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The Unseen Destruction of Nations

The Unseen Destruction of Nations (photo)

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Kelly Reichardt’s “Wendy & Lucy” may be — in competition only with Lance Hammer’s “Ballast” — the best film of 2008, and both movies have been so underseen by the public that they could be said to have not been released at all. (Or, at least, not publicized at all.) Critics saw them, though, and none that I know of have walked away unamazed by the simple but torrential forces of intimate storytelling told with a correctly situated camera and a respect for real people. “Ballast” is the more visually stealthy of the two, but Reichardt’s film is almost a structuralist triumph: how to make the most emotionally wrenching indie of the new era with as little narrative as possible. Based, like Reichardt’s “Old Joy,” on a short story by Jon Raymond, “Wendy” is as simple as a real catastrophe: a young homeless woman loses her dog. And the film’s genuine power comes not from transcending or expanding that piddling premise, but making the situation burn on your eyes like sulfur. Returning again to the north Pacific coast, where the grim weather only reflects the economic dourness at hand, Reichardt is so patiently focused on her heroine’s plight in life that you sense it’d be an injustice to read her as a metaphor for the economically disenfranchised swarming under affluent America’s loud-mouthed middle class.

Of course, the film isn’t about Lucy the dog but Wendy (Michelle Williams), a young woman of indeterminate origin traveling alone in her old car with only a pocketful of carefully accounted-for cash, hoping to make it from the worn-out ‘burbs of Oregon, where she finds herself, to the salmon canneries of Alaska. She is rousted, gently, from sleeping in a Walgreens parking lot, but then her car dies — and immediately we feel the sky begin to fall on her, and we see the dead ends cropping up all over Wendy’s life. When she attempts to steal a few cans of dog food from a supermarket, she’s caught and arrested, while Lucy is tied up helplessly to a bike rack outside. Hours tick by — the suspense is agonizing to a degree the makers of modern thrillers could only dream about — and when she finally gets released, dumping a chunk of her savings on a fine, she returns to find the dog gone.

05052009_wendyandlucy2.jpgOn foot and friendless in the middle of nowhere, Wendy hunts for her companion, but the seeming impossibility of the task — and of Wendy’s predicament in general — is so convincing and upsetting the movie takes on the flavor of a personal trauma. The intimacy we share with Williams’ lost girl is breathtaking, managed as it is simply by an attentive soundtrack (you remember the sound of her breath long after the movie’s over), a camera placement strategy that somehow avoids agendas, and the actress’ formidable grip on her time and place and exactly how little emotion such a luckless woman would show the world in the worst of times. Williams has proven to be a faultless, often bruisingly naked actress, and here she is as completely submerged into a four-dimensional real person as any performer we’ve seen this decade. Which means, frankly, you could walk by her on the street and take no notice.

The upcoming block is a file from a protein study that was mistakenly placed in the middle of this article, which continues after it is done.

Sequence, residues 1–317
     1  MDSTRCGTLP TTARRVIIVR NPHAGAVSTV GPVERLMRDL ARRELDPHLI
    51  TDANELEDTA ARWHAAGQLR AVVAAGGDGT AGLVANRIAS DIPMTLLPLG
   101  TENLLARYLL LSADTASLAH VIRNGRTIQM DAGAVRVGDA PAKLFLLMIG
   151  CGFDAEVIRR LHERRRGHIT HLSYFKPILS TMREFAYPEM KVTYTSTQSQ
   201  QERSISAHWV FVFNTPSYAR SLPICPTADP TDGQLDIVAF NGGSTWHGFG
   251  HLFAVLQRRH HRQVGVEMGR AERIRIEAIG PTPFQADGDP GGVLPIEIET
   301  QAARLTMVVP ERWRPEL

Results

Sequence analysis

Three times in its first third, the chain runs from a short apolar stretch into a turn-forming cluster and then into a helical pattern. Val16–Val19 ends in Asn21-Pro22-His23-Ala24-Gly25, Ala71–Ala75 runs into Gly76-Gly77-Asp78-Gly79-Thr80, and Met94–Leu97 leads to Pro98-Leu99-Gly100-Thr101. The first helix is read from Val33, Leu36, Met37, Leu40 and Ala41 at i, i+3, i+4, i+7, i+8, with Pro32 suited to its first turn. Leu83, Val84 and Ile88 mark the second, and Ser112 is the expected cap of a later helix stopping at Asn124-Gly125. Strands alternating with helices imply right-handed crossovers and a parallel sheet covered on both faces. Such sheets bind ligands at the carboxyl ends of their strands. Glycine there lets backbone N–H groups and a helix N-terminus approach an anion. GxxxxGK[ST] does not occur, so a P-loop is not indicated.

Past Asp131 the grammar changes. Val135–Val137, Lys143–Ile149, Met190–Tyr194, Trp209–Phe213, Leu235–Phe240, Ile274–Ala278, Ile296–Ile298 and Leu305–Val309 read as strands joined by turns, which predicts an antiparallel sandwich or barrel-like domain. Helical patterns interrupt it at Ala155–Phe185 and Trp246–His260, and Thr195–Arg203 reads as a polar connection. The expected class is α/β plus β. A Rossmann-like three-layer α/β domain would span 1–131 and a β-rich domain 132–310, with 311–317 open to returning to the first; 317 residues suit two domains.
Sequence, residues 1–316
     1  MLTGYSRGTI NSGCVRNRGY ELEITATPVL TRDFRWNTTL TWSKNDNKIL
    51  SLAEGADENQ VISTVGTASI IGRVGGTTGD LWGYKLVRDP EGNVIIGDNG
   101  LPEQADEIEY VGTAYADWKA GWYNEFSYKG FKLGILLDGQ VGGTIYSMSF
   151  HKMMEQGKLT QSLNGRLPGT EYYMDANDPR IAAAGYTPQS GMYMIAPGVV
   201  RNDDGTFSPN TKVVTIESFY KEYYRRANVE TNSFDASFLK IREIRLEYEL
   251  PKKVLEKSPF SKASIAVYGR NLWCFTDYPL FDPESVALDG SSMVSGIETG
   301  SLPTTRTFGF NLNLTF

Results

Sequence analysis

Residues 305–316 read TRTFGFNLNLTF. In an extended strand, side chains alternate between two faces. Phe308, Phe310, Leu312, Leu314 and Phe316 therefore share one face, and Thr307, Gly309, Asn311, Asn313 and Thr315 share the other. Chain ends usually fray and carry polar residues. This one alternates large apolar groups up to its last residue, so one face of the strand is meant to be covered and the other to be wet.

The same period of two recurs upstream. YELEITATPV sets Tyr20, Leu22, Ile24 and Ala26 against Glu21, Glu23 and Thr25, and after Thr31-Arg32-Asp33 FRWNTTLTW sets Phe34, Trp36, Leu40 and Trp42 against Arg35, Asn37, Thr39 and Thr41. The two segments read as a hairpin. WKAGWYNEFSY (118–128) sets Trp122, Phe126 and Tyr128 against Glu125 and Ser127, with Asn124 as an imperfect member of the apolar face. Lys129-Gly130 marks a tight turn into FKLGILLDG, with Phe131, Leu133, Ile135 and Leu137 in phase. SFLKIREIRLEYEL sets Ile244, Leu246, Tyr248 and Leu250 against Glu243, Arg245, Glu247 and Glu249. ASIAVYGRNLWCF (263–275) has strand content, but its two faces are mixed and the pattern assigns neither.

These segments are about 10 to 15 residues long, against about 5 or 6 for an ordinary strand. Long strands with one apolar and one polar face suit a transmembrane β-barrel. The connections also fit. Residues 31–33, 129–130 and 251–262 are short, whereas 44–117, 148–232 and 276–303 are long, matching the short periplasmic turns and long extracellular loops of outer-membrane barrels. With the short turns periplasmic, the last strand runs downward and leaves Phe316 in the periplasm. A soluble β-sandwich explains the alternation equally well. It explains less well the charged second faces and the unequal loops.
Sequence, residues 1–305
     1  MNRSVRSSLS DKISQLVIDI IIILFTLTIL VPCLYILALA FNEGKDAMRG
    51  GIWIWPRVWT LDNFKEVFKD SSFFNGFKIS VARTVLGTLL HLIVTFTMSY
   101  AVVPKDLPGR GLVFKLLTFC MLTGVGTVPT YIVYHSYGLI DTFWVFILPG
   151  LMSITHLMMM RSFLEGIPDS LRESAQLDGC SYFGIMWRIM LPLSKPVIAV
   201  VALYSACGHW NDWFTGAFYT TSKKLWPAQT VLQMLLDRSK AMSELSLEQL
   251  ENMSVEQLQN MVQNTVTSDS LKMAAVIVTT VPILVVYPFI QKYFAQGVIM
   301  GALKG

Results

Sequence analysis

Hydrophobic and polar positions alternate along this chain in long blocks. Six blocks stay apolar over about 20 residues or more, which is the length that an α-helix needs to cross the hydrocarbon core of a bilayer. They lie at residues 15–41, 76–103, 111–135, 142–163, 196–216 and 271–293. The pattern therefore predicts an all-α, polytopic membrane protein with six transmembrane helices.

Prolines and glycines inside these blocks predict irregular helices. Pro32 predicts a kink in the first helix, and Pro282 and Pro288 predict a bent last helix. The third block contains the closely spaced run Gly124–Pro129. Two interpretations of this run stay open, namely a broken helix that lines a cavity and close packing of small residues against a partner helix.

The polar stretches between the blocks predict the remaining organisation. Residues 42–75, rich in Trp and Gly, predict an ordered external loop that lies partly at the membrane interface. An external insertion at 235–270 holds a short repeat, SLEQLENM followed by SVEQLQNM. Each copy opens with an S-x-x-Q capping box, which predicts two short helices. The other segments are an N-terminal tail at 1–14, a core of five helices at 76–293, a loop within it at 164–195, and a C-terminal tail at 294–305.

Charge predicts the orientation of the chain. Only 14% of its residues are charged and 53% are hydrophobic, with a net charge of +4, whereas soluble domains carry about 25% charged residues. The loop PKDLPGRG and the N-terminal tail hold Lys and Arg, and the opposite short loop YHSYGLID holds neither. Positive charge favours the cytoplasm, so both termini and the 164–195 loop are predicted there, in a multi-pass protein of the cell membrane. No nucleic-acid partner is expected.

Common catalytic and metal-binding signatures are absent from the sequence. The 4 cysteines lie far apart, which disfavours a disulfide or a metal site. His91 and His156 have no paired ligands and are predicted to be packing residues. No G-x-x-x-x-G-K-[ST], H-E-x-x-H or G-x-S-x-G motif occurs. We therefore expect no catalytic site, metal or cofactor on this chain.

But “Wendy and Lucy” effortlessly evokes a larger reality — this is the reality of 99% of United States communities: decaying infrastructure, Wal-Mart sustenance, gone-to-weed neighborhoods, lives ruled by petty commerce and hollowed out by poverty. There’s not a fake moment or image anywhere, and the everydayness of the story becomes, in effect, its own tragedy. It’s fair to say, from the most objective standpoint, that the movie tests the tensile strength of your own innate empathy, and if you’re unmoved, the failure is yours. Which is, inevitably, over-hype: like its heroine, Reichardt’s movie is a vulnerable, small-boned, fragile thing in a world where digital hyper-editing and bullet-time violence command attention. By today’s standards, it’s virtually an anti-movie, a glimpse of a snapshot of a minor occurrence. But it’s far closer in its way to what movies are fundamentally about than 10,000 “Wolverine”s and “Hannah Montana”s.